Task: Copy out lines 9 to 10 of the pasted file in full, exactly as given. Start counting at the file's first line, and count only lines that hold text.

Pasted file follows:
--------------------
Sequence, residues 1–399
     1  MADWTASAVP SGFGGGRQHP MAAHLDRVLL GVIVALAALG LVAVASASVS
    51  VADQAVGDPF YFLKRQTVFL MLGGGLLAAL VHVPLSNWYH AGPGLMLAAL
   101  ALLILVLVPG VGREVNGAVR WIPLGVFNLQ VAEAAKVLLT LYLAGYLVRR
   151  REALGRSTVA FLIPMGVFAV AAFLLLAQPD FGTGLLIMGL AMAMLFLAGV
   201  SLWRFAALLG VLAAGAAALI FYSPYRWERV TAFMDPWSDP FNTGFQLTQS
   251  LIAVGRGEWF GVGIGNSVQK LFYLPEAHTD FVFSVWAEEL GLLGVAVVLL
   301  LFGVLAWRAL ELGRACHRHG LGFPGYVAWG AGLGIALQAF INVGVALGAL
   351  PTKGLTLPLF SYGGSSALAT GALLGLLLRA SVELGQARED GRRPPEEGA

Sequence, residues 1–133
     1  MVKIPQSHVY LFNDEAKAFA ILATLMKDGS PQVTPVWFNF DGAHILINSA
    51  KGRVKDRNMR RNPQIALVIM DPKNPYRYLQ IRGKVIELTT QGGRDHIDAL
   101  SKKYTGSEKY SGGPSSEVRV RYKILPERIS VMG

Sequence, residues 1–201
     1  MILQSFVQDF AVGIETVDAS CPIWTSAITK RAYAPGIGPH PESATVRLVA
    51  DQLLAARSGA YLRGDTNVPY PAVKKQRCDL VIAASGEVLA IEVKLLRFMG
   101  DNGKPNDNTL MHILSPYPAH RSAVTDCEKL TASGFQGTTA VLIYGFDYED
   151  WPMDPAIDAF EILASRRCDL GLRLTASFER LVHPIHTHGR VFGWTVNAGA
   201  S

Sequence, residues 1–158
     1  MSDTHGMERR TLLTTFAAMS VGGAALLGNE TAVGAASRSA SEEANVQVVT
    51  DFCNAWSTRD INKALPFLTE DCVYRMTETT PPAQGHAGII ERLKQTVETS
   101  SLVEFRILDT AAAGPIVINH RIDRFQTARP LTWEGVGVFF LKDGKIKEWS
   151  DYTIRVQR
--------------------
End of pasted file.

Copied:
   351  PTKGLTLPLF SYGGSSALAT GALLGLLLRA SVELGQARED GRRPPEEGA

Sequence, residues 1–133